The coconut tree (Cocos nucifera) is a member of the palm tree family (Arecaceae) and the only living species of the genus Cocos. The term “coconut” (or the archaic “cocoanut“) can refer to the whole coconut palm, the seed, or the fruit, which botanically is a drupe, not a nut. The name comes from the old Portuguese word coco, meaning “head” or “skull”, after the three indentations on the coconut shell that resemble facial features. They are ubiquitous in coastal tropical regions and are a cultural icon of the tropics.
The coconut tree provides food, fuel, cosmetics, folk medicine and building materials, among many other uses. The inner flesh of the mature seed, as well as the coconut milk extracted from it, form a regular part of the diets of many people in the tropics and subtropics. Coconuts are distinct from other fruits because their endosperm contains a large quantity of clear liquid, called coconut water or coconut juice. Mature, ripe coconuts can be used as edible seeds, or processed for oil and plant milk from the flesh, charcoal from the hard shell, and coir from the fibrous husk. Dried coconut flesh is called copra, and the oil and milk derived from it are commonly used in cooking – frying in particular – as well as in soaps and cosmetics. Sweet coconut sap can be made into drinks or fermented into palm wine or coconut vinegar. The hard shells, fibrous husks and long pinnate leaves can be used as material to make a variety of products for furnishing and decoration.
The coconut has cultural and religious significance in certain societies, particularly in the Western Pacific Austronesian cultures where it features in their mythologies, songs, and oral traditions. It also had ceremonial importance in pre-colonial animistic religions. It has also acquired religious significance in South Asian cultures, where it is used in Hindu rituals. It forms the basis of wedding and worship rituals in Hinduism. It also plays a central role in the Coconut Religion of Vietnam. The falling of their mature fruit has led to preoccupation with death by coconut.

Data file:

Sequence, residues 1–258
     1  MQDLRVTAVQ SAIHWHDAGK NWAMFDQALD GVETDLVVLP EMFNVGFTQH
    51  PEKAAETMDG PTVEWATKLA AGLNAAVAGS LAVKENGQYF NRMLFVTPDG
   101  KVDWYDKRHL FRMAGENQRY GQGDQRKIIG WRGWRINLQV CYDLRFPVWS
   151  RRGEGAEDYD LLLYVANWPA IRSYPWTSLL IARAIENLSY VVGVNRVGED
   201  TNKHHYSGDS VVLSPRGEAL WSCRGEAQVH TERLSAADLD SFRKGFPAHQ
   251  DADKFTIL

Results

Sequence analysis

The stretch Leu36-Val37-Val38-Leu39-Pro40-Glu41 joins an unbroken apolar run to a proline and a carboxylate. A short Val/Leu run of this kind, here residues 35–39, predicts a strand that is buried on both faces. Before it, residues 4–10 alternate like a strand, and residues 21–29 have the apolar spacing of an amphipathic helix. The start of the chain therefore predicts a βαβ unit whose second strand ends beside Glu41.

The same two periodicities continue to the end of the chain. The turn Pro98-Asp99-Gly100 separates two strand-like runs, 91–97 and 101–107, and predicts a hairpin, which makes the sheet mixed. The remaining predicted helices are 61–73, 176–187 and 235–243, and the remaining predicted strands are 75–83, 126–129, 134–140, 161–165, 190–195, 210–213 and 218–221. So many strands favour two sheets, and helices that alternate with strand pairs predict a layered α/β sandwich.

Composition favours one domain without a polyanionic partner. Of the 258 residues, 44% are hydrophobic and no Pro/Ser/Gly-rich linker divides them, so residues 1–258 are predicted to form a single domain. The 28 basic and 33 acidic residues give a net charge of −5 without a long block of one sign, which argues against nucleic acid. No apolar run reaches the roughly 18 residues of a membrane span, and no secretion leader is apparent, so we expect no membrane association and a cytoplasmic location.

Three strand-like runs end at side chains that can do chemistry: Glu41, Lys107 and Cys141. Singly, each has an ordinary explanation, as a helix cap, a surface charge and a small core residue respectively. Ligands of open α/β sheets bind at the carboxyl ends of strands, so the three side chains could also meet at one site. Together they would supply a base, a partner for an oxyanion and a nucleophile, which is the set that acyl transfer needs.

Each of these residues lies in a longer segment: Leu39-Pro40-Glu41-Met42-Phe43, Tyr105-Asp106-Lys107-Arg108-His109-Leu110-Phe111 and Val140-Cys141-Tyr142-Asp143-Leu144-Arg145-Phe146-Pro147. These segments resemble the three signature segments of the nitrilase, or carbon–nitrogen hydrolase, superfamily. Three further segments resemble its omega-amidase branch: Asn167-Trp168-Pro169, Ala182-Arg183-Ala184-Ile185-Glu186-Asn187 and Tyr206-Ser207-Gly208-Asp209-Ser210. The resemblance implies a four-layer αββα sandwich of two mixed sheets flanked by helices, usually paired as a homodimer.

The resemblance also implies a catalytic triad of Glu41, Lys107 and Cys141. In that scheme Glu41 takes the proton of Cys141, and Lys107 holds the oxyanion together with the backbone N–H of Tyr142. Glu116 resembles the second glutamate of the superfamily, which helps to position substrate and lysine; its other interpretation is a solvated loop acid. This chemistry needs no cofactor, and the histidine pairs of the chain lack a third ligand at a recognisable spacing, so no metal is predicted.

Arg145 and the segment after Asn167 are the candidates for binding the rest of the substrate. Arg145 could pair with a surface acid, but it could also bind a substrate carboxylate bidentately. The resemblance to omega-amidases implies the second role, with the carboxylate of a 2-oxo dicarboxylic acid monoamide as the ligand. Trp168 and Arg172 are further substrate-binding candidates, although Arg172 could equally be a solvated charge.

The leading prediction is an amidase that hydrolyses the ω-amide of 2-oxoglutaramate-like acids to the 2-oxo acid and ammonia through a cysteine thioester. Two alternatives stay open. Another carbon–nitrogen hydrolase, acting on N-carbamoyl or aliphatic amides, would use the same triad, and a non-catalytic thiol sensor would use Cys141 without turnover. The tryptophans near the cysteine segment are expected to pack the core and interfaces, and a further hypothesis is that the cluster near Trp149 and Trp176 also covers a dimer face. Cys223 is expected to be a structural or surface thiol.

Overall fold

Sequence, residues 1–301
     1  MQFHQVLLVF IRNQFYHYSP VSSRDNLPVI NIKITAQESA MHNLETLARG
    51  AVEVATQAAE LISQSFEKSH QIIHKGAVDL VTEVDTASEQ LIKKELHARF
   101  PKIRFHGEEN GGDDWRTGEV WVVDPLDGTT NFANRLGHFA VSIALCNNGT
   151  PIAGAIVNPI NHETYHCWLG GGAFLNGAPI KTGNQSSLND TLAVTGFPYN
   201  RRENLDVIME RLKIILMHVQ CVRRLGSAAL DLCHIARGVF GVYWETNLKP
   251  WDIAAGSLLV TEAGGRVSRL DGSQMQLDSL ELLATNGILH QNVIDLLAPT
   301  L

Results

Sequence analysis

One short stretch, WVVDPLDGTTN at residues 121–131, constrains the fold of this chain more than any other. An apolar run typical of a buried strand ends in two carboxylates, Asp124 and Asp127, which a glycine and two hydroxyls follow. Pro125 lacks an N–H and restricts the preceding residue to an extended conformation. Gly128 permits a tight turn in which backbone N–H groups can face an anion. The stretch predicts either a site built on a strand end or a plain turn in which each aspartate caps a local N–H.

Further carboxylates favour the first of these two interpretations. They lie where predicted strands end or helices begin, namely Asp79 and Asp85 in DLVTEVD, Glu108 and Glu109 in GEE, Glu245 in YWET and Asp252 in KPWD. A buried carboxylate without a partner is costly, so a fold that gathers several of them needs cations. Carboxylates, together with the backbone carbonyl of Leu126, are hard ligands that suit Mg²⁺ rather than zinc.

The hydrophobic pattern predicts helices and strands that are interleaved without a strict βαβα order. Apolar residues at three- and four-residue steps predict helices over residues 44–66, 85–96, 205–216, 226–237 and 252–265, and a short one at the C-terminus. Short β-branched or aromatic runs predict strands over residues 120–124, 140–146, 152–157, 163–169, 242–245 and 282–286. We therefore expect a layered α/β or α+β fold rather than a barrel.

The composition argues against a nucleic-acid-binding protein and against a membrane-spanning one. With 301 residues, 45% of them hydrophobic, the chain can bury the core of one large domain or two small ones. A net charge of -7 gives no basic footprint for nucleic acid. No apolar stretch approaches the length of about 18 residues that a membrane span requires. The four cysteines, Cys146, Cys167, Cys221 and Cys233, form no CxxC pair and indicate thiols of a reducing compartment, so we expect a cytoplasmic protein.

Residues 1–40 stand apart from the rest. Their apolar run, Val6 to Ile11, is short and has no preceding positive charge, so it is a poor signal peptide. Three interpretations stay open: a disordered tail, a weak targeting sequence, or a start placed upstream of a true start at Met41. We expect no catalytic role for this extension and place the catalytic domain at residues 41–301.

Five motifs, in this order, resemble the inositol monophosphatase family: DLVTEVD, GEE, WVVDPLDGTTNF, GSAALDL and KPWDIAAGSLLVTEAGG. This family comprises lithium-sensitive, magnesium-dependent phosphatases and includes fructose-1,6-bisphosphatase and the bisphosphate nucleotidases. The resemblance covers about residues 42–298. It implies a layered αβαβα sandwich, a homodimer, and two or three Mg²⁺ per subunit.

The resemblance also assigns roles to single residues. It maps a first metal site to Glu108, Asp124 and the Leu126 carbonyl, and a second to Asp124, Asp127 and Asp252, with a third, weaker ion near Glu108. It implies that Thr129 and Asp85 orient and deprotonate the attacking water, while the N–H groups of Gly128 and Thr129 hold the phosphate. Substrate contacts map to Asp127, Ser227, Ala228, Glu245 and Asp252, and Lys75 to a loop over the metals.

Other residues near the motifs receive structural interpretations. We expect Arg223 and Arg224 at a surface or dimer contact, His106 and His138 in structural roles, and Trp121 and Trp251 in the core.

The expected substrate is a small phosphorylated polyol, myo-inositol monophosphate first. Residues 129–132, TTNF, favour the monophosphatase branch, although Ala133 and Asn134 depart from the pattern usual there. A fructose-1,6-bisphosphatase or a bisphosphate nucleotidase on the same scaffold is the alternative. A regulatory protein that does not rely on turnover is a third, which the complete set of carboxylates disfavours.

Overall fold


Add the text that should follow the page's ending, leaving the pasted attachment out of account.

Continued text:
Coconuts were first domesticated by the Austronesian peoples in Island Southeast Asia and were spread during the Neolithic via their seaborne migrations as far east as the Pacific Islands, and as far west as Madagascar and the Comoros. They played a critical role in the long sea voyages of Austronesians by providing a portable source of food and water, as well as providing building materials for Austronesian outrigger boats. Coconuts were also later spread in historic times along the coasts of the Indian and Atlantic Oceans by South Asian, Arab, and European sailors. Based on these separate introductions, coconut populations can still be divided into Pacific coconuts and Indo-Atlantic coconuts, respectively. Coconuts were introduced by Europeans to the Americas only during the colonial era in the Columbian exchange, but there is evidence of a possible pre-Columbian introduction of Pacific coconuts to Panama by Austronesian sailors. The evolutionary origin of the coconut is under dispute, with theories stating that it may have evolved in Asia, South America, or on Pacific islands. Trees grow up to 30 metres (100 feet) tall and can yield up to 75 fruits per year, though fewer than 30 is more typical. Plants are intolerant of cold weather and prefer copious precipitation, as well as full sunlight. Many insect pests and diseases affect the species and are a nuisance for commercial production. About 75% of the world’s supply of coconuts is produced by Indonesia, the Philippines, and India. The coconut tree is the official state tree of Kerala, India.